Mississippi Gulf Coast Golf
The Mississippi Gulf Coast received far too much unwanted publicity from the BP oil spill in 2010, but it is gaining much more positive buzz as one of the fastest-growing golf destinations in the United States.
Blessed with the warm breezes from the Gulf of Mexico, the Gulfport/Biloxi has much to offer the traveling golfer. It all starts with name-brand courses by the likes of Arnold Palmer, Jack Nicklaus, Davis Love III and Mark McCumber. There are 22 courses in the general area that share a common thread: conditioning is well above what you’d expect for the price you pay to play them.
As you’d expect in an area that boasts of being a golf destination, there are courses to fit budgets of all sizes. For less than $100 during prime time, you can play the Nicklaus-designed Grand Bear, complete with a number of his signature right-to-left doglegs. A great bargain.
The Jerry Pate-designed The Preserve Golf Club would best be described as a pure golf experience. Get out on this pristine piece of property and get the feeling of being just you and the course and your golf ball. The Preserve is a bit more pricey but is a wonderful golf experience.
The acknowledged centerpiece of golf in the area is Fallen Oak, a Tom Fazio design that is top-notch and features those requisite Fazio penal bunkers. The course hosts a Champions Tour event, the Mississippi Gulf Resort Classic, April 1-3. Fazio’s layout is a beast that requires your undivided attention from tee to green, despite being relatively open off the tee. It’s a beautiful test in a rough sort of way and the best advice you could get on the first tee is: do your best to stay out of the bunkers.
The only way to play Fallen Oak (the fallen oak lays as a guardian along the right side of the fairway) is to stay at the spectacular Beau Rivage hotel and casino in Biloxi, a combination that highlights two of the strongest draws to the area: golf and casinos. It’s pricey, to be sure, but one of the amenities of staying at the Beau is the stretch limousine ride that takes you from the hotel to Fallen Oak. A little taste of how the other half lives.
The Gulf Coast is the area that never sleeps, golfwise. Courses are open year-round and the climate there is very much like Tampa, Fla. The folks there are proud of their golf, but their also proud of their fresh seafood and southern hospitality. Both of which, by the way, are plentiful. Over 50 hotels, casino resort, condos or golf travel provides travelers looking for quality, value with a large side order of southern hospitality. Golf gets a great deal of attention, of course, but the folks on the Gulf Coast think of themselves as a tourist destination, a gaming-entity, with top-notch entertainment and rich historical and cultural value. Great restaurants abound throughout the area. If you’re looking for a touch of good old southern cooking, ask someone for directions to The Shed. And when you get there, remember that old saying: Don’t judge a book by its cover!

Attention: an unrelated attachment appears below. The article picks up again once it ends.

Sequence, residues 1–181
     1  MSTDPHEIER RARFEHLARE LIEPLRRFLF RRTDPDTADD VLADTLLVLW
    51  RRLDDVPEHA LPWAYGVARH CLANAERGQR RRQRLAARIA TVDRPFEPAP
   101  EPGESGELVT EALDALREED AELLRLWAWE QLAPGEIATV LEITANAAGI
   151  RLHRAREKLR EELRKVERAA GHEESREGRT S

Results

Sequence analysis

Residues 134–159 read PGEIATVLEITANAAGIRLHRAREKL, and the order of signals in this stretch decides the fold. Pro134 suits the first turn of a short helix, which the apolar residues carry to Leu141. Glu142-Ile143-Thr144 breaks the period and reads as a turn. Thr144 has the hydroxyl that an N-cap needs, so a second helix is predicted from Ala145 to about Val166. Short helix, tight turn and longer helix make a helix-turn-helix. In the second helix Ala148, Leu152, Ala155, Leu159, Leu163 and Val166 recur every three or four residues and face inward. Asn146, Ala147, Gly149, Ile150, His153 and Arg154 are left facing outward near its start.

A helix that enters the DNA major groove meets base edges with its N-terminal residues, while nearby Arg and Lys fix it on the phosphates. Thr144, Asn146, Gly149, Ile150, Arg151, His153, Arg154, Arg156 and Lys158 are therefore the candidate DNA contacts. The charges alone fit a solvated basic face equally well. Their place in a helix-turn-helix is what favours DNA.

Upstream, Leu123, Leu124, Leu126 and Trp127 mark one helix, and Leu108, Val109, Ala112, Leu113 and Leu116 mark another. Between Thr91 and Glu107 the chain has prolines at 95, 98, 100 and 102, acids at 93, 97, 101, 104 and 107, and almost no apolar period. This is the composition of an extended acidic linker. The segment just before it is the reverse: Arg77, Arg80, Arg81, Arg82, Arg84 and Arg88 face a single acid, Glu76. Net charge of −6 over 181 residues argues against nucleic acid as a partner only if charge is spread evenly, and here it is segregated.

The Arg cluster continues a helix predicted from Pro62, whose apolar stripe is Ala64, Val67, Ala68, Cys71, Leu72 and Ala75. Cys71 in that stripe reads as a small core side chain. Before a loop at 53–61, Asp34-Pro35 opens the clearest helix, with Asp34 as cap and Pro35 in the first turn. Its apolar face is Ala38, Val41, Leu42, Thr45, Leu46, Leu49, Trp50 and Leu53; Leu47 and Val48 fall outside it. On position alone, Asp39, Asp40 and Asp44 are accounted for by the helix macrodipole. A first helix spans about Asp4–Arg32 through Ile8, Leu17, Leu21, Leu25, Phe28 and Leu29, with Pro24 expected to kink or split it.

Residents of Mississippi’s Gulf Coast area – which suffered much more damage from Hurricane Katrina than it did from the oil spill – quickly answer when asked the most popular reaction from visitors once they’ve experienced the area. “We had no idea.”
Our Funny Experience from the Fallen Oak Golf Course
We reached the 18th tee at Fallen Oak Golf Club a bit beaten, a bit weary. That’s a normal feeling when playing a particularly penal Tom Fazio masterpiece and Fallen Oak is definitely one of those.
The assistant pro we played with warned us to stay away from the bunkers on the left that guard the slight dogleg left. So, of course, two of us put our drives on a line toward the deepest part of the yawning bunker. After my playing partner did so, the pro told him he’d give him $100 if he made par from there. My partner accepted, but was both pleased and disappointed when we arrived at the bunkers and he discovered his ball was short of the sand. I, however, was in and asked if that bet was good for me as well. The pro laughed and said, “Absolutely.”
Facing a shot of over 200 yards to the green, with water on the left and bunkers on the right, I formulated a plan that, if executed, could give me a shot par. I had a flat stance in the bottom of the bunker with the lowest part of the lip straight ahead. I took my 4-hybrid and aimed for an area short of the green. Much to my surprise, I hit the shot and that’s exactly where it went. I was left with a chip of about 40 feet and put it three feet below the hole. I knocked that in for par and smile broadly each time I wear that expensive Fallen Oak shirt!Written by Mike Dudurich
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